The Mikoyan-Gurevich MiG-15 (NATO code name: “fagot”) was a 1950s Soviet fighter. It was increasingly used in the Korean War and was the counterpart to the American F-86 Sabre. With approx. 18,000 units, it is the world’s most commonly built jet fighter aircraft.

The MIG 15UTI with the serial number 242266 which can be viewed at AIRPOWER19 was produced in 1955 by Aero Vodochody under the licence code CS-102. The aircraft was fitted with an RD-45 engine. The jet served the Polish Air Force as a training aircraft in 1990. During their service, many excellent pilots had the opportunity to sit in the cockpit of this legend, including the first Polish astronaut Miroslaw Hermaszewski. The aircraft was mothballed and finally preserved after military service ended.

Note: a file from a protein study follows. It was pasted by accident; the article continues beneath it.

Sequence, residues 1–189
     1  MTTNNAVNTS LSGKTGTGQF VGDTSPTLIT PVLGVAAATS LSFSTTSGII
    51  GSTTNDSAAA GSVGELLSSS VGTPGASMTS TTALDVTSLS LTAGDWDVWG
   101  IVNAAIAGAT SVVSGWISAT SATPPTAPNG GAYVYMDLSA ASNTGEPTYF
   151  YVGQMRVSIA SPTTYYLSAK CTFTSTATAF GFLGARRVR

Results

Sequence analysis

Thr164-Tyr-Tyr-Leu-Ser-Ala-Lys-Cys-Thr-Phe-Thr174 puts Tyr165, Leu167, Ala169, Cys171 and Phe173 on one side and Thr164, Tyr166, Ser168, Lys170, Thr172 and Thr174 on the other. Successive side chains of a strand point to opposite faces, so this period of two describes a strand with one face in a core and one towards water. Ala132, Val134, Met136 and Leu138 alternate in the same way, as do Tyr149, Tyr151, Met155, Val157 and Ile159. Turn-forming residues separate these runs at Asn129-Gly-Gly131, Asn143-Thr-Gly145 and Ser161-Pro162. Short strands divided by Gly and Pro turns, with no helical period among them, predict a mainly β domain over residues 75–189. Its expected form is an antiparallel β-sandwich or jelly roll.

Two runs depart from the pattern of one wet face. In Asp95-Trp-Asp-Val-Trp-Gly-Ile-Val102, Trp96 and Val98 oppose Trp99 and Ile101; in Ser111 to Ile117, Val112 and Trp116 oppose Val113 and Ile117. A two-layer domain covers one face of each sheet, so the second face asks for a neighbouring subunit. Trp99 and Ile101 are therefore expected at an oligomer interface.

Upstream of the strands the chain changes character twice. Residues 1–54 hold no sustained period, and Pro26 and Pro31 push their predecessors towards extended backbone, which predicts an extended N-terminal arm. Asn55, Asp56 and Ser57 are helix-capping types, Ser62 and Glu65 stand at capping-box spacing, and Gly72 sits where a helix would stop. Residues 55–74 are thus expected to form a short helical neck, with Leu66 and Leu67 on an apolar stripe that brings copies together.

The aircraft was purchased in 2013 by Czech Flying Legends and brought to the Czech Republic. This was the return of a legend to Czech skies. The MIG 15 has Czech colours and bears the number 2514 on its fuselage. A 30th fighter-bomber unit MIG 15UTI stationed in Königgrätz (Hradec Králové) until 1982 had the same number at that time. Just like the original MIG, the aircraft bears a characteristic symbol of the city of Ostrava on the front. There is only one difference between the two MIGs. The Czech Flying Legends’ MIG bears a tiger pattern at the top of the tailplane to express cooperation with NATO’s Tiger Association.

Facts & Figures

Series No: 242266
Crew: 2
Length: 10.08m
Wingspan: 10.10m
Height: 3.7m
Kerb weight: 3,681kg
Max take-off weight: 6,038kg
Engine: 1x Klimov VK-1 turbojet

Power: 26.5kN

Maximum speed: 1,076km/h
Service ceiling: 15,500m
Range: 565km

Flying display

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